Saturday, October 11, 2014
Found this on my windshield after shopping at New Seasons. Actually, that's not exactly true. Found it on my windshield about five miles down the road, after shopping at New Seasons. Almost drove back to see if every car in the parking lot also had one, or if I was special.
I didn't quite know what to make of it. I am not one for evangelizing. I'm not one for trying to convert someone to another way of thinking. I am, however, one for random acts of kindness, and in the end, chalked it up to just that.
In some ways my life has never been better, and in some ways, it's never been more challenging. I remember being a new mother, and talking to my friend Ruth. Her two girls were just enough older than my two, that she held wisdom I was looking for. I'll never forget what she said, "At each stage, something gets easier, and something gets harder."
I've thought of that over and over through the years, and it's as true in life, as it is in child-raising. It's too easy to focus on what's getting harder, than what is getting easier. Sometimes it requires a step back and a wider view to see that it's even true: something has gotten easier.
Today I found myself with an unexpected free day. Wil got to help at the Snack Shack from 8-2. I didn't know what to do with myself. My mom's birthday is today, and we have plans for Tuesday, when he's in school. But, I decided to call today and offer up breakfast, or coffee, lunch or birthday cake - whatever she wanted. She was enjoying her morning of answering the phone and talking to all the friends and relatives that were calling to wish her a happy birthday, so we agreed that she'd call me later with a time. She did. When I arrived at her house to take her out for dessert, there were two of my cousins and a cousin-in-law. They were just landing in town from Washington, and were quickly stopping on the way to see their mom (my mom's sister). The timing was perfect. One might even say, no accidents.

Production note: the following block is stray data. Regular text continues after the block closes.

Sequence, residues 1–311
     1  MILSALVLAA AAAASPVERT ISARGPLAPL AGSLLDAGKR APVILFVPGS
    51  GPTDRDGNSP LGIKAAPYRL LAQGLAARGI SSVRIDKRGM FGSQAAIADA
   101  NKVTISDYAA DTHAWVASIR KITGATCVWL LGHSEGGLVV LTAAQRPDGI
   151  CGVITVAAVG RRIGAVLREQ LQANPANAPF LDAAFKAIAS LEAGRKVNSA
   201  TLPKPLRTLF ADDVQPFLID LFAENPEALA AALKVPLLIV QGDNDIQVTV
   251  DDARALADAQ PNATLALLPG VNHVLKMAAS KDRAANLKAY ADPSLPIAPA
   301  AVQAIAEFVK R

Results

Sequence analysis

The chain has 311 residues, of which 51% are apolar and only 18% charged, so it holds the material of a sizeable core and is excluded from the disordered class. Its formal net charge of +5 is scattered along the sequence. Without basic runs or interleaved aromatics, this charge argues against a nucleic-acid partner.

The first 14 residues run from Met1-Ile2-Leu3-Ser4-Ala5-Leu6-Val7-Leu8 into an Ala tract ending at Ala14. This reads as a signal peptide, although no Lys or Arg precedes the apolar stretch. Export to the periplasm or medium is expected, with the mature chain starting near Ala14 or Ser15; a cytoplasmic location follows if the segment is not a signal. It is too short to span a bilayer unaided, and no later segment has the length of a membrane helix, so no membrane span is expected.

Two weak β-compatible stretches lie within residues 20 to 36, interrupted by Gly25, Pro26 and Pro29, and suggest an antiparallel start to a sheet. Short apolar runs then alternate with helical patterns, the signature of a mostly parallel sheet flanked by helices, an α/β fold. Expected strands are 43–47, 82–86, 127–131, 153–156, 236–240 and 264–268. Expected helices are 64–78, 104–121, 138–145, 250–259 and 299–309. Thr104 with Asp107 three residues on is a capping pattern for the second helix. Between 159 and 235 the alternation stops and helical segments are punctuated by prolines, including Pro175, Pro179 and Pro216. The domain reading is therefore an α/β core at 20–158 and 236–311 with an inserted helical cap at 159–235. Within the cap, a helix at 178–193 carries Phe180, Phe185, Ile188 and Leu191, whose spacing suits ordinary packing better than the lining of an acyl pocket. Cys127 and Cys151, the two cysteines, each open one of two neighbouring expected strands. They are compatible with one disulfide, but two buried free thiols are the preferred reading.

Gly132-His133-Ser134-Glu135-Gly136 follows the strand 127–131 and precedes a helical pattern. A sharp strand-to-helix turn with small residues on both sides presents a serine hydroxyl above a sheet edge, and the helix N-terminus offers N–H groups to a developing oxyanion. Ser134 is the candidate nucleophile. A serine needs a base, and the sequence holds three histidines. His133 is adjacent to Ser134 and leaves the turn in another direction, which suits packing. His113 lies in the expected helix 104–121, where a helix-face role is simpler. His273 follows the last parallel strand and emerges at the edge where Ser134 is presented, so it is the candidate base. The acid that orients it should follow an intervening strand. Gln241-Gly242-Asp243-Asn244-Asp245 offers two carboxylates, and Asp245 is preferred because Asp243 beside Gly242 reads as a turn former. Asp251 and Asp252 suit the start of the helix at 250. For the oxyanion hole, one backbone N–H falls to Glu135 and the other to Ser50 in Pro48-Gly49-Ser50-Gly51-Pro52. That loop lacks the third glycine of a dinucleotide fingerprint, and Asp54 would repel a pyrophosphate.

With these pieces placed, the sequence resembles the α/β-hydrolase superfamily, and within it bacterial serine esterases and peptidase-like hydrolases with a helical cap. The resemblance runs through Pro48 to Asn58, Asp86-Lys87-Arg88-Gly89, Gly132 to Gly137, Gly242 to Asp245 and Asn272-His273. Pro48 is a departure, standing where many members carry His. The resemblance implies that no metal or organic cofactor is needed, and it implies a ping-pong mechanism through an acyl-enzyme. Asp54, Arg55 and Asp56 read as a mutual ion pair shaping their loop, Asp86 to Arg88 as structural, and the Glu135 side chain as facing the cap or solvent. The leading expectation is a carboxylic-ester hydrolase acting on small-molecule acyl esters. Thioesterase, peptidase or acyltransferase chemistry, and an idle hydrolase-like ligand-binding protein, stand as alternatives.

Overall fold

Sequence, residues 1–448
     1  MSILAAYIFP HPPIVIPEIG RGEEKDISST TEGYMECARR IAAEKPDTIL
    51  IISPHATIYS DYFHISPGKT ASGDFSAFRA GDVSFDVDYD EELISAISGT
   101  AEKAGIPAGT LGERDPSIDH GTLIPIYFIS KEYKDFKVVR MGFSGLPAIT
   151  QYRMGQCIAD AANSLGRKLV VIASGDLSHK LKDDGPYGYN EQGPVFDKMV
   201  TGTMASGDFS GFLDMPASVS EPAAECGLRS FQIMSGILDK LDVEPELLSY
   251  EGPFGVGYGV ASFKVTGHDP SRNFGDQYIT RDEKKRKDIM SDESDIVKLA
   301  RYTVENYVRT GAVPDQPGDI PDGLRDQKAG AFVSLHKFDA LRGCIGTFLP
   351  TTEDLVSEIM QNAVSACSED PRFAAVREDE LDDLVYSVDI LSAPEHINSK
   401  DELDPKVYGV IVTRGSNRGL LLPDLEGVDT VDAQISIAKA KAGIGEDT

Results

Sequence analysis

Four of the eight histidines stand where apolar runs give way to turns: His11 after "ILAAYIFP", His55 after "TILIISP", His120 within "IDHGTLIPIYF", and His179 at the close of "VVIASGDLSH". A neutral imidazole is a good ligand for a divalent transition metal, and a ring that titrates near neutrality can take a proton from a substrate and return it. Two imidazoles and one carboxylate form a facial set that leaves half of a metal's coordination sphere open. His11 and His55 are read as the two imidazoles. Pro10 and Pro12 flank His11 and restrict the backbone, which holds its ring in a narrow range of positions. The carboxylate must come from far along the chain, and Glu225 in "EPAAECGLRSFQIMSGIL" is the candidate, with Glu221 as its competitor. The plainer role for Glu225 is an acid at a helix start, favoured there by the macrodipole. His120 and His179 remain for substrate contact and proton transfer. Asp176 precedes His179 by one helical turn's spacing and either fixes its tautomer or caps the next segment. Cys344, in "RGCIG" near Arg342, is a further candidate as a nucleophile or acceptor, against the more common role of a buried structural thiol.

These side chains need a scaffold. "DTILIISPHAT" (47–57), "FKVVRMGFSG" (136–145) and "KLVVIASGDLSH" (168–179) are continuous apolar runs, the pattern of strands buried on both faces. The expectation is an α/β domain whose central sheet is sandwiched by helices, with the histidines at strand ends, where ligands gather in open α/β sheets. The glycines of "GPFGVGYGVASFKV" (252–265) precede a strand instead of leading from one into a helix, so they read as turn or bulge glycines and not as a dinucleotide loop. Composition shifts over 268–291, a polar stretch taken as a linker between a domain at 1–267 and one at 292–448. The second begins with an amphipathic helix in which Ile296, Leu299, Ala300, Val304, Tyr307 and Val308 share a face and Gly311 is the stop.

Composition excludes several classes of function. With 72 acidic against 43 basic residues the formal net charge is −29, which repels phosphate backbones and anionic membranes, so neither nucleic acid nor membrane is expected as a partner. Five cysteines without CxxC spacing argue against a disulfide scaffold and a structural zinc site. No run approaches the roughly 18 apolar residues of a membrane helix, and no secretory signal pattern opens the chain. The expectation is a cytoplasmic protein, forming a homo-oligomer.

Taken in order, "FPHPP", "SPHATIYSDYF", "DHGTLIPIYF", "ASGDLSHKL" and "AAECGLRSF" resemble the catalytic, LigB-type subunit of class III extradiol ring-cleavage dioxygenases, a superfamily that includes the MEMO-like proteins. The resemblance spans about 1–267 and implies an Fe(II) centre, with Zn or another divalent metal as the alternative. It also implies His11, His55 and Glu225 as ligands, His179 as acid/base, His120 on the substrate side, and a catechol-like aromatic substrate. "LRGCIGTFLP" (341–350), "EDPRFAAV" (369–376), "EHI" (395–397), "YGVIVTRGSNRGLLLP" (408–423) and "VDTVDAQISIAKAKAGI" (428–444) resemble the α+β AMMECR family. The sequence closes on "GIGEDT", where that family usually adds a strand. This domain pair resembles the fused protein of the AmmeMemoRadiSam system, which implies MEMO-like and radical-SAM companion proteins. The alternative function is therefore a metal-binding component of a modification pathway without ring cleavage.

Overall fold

Twice in the last week, Wil has gone to bed after me. He's turned off all the lights, brushed his teeth, and put himself to bed.
On Thursday night he rode the rooter bus to a football game, one hour away. He didn't get back until 11:00 PM.
Long shifts helping at a Snack Shack. Rooter buses. Turning lights off. Putting himself to bed. Staying up until after 11:00 PM (second time this school year). All huge.
One day after school last week, we went to Baskin Robbins for a large milkshake. Seven scoops and 2 cups of milk later, we sat down outside, because the music was way too loud inside. The time before I'd actually spoken up and asked if they could turn it down a little, and they did, but this time, I opted for the path of least resistance.
The only other woman in the shop, left her inside table, and joined us outside. There weren't even tables, just chairs in a line. "It's SO loud in there. Do you mind if I join you? I didn't even realize there were chairs outside!"
What started as a surface conversation, "Do you live around here?" quickly turned to the fact that she has turned her house into a group home, and manages the care of two adults (34 and 53) with developmental disabilities. Both of these adults came to her through unusual circumstances, she wasn't even considering running a group home, but it evolved. She felt called to do the work after one friend could no longer care for her daughter, and from that she became an advocate. She, at mid-life, knowing nothing about disabilities or social services, has become an expert. She thought she'd enjoy being an empty nester, maybe travel or pursue a hobby. Instead, she found her true calling.
There are random notes left on car windshields, then there are kindnesses that make one a living saint.
While it's true that at each stage something gets easier, and something gets harder, it is also true that there are helpers all along the way. Some small, windshield-type helpers, and some that will turn their lives upside down just to do what needs to be done.